Good People. Hughley discovers a firm spine beneath the laughter in David Lindsay-Abaire’s nuanced comedy at Clackamas Rep. “Good People is about social class in America, certainly, but that subject serves more as frame than a theme, while Lindsay-Abaire provokes thoughts about ambition, identity, loyalty, charity, honesty, choice, responsibility and so on. And while he’s too good a writer to make anyone a paragon on any count, there’s no irony implied in the play’s title.”

Sans Merci. Adams takes in Johnna Adams’ emotion-shaker at Badass, which begins with subtlety and winds up with a gut-punch. “Jahnavi Caldwell-Green embodies the apple-cheeked little sweetheart both her mother and friend want to remember, but when the scenes call for more, man does she deliver. This won’t surprise those who caught her at Action/Adventure during the Fertile Ground Festival, but let it caution everyone else: don’t be lulled by her cuteness. The torrent is coming.”

Ayanna Berkshire and Chris Harder in "Intimate Apparel" at Artists Rep. © Owen Carey 2014

Ayanna Berkshire and Chris Harder in “Intimate Apparel” at Artists Rep. © Owen Carey 2014

Intimate Apparel. Lynn Nottage’s fine drama about race, love, and lingerie receives a lovely performance at Artists Rep, Hughley reports. “Whenever Esther speaks of how she makes her living, she always says that she makes “intimate apparel.” Never ‘underthings’ or ‘unmentionables’ or any other euphemism. It sounds like a phrase she’s been taught, part marketing, part claim to respectability. But it’s also a phrase that hints at some of the thematic fissures Nottage is delving into: between what’s concealed and what’s revealed; between surfaces and interiors; between apparent and true character; between, you might say, lures and prizes.”

Parade. Hughley goes to tech rehearsal to see the inner workings of Staged!’s excellent production of the Jason Robert Brown & Alfred Uhry musical based on an infamous murder case. ““Those guys are brilliant writers,” Paul Angelo, director of the Staged! production, says of Uhry and Brown. “There’s a vulnerability to these characters that’s right there in the music. The story is a tragedy — for Mary, for Leo, in a sense for that community. But in the midst of all that, there’s all this beauty. In a sense it’s a story of empowerment for Lucille, Leo’s wife, as she goes through this ordeal. In the middle of that shit field, you plant a rose.””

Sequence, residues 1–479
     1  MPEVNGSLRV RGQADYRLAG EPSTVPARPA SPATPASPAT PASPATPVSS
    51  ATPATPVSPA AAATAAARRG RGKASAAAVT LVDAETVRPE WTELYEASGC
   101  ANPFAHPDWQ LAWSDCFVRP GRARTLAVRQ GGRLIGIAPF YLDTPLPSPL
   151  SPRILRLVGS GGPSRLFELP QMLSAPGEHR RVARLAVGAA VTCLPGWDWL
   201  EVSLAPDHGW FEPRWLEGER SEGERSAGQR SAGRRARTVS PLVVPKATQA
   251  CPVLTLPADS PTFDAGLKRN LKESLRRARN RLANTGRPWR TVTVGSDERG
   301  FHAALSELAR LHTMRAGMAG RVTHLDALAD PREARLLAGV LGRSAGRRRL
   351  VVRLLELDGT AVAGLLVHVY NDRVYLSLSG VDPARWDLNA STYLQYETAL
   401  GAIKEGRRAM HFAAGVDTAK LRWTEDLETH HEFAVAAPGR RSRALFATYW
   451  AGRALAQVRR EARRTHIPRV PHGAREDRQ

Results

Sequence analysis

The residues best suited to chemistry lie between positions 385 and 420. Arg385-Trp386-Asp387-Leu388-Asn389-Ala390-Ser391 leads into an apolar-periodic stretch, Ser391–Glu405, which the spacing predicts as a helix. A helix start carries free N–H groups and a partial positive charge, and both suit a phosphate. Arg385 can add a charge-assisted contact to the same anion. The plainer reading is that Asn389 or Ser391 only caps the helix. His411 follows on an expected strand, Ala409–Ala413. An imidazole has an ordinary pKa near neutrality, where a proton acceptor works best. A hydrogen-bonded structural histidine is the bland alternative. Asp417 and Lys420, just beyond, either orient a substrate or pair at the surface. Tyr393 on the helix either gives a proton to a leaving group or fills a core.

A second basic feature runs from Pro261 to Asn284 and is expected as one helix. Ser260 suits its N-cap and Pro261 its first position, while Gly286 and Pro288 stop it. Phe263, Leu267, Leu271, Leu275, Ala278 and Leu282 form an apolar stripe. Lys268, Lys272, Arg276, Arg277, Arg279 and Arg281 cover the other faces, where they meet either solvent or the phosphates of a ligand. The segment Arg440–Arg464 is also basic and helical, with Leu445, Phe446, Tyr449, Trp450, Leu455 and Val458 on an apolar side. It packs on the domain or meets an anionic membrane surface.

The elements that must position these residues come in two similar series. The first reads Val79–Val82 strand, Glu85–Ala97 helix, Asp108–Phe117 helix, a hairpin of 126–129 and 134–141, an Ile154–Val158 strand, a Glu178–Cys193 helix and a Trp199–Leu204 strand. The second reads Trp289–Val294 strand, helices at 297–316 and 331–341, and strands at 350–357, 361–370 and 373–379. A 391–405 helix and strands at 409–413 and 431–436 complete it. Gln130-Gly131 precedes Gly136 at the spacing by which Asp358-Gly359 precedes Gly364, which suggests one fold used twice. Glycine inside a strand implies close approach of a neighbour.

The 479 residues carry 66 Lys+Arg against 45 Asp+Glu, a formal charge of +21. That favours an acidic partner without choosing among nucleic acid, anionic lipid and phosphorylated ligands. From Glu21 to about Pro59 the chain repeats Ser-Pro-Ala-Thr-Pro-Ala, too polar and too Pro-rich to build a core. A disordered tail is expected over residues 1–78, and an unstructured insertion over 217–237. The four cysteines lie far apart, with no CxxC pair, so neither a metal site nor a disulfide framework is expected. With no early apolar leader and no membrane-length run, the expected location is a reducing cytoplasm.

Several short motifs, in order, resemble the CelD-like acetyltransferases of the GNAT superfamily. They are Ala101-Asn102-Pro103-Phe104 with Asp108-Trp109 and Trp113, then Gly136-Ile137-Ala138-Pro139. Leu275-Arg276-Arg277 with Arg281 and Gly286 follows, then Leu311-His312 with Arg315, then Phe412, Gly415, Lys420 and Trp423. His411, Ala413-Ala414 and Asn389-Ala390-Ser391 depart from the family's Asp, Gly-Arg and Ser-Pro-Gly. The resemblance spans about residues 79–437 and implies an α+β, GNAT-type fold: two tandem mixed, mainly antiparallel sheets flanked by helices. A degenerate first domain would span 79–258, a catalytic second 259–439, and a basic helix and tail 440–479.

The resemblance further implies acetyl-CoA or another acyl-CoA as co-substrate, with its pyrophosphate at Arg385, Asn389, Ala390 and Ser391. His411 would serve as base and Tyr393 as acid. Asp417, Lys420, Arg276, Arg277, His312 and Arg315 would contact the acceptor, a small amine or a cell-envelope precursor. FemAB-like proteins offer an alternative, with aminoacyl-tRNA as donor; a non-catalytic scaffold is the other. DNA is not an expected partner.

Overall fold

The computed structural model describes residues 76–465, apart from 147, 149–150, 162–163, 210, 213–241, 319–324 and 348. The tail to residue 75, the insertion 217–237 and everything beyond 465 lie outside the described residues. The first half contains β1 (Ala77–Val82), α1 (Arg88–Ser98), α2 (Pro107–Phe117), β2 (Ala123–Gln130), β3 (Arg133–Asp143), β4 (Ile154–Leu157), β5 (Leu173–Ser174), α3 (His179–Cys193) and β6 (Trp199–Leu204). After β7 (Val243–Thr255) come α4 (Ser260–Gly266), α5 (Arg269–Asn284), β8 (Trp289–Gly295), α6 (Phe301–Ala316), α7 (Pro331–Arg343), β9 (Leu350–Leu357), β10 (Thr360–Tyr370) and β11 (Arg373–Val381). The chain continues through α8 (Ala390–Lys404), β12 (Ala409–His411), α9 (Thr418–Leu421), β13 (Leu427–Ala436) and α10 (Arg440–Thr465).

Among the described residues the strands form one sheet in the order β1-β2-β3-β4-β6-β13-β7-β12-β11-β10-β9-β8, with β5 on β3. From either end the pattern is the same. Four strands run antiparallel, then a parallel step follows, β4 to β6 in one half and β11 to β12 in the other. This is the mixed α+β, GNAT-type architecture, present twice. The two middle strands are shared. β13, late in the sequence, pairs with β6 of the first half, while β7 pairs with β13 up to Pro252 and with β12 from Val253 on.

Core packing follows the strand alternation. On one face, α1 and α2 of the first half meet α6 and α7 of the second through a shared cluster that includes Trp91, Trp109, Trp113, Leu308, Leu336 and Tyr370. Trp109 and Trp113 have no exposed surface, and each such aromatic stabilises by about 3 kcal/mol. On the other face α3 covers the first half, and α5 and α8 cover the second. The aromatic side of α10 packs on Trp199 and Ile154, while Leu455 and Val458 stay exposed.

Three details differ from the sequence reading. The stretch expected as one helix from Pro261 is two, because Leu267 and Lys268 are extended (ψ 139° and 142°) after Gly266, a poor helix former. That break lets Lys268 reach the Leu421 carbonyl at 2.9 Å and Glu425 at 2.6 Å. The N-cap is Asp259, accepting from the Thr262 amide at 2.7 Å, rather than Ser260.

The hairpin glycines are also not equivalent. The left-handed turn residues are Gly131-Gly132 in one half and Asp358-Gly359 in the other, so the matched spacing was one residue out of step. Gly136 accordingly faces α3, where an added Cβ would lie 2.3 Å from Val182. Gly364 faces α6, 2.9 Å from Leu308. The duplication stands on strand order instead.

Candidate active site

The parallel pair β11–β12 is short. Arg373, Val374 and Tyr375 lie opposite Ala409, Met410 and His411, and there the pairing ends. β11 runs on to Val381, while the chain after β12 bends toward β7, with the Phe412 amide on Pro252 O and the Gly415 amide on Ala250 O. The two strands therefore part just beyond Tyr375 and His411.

The Piano Lesson. Portland Playhouse has opened its sixth production in August Wilson’s ten-play cycle about African American life in the 20th century, and as Hicks reports, it’s the continuation of a very good thing. “The disagreement is about much more than a piano, of course, although Wilson’s choice of a musical instrument as a stand-in for African-American collective memory seems apt. The tale has similarities to the Biblical story of Esau, the hairy hunter who sold his birthright to his brother Jacob for a mess of pottage: It seems foolish in hindsight, but Esau was a practical man, and he was famished, and on a purely physical level, buying a meal was the practical thing to do. These are the questions, it seems, that The Piano Lesson poses. How do African Americans (or anyone, for that matter) move forward without also holding onto their past? Without their shared culture, how can they know who they are? Of what use is the past? If we don’t use it, what have we lost? What tradeoffs are necessary or inevitable to move ahead?”

OK, there’s a new batch coming soon, a second wave. We suggest figuring out a way to catch that one, too. We’ll be providing the play-by-play.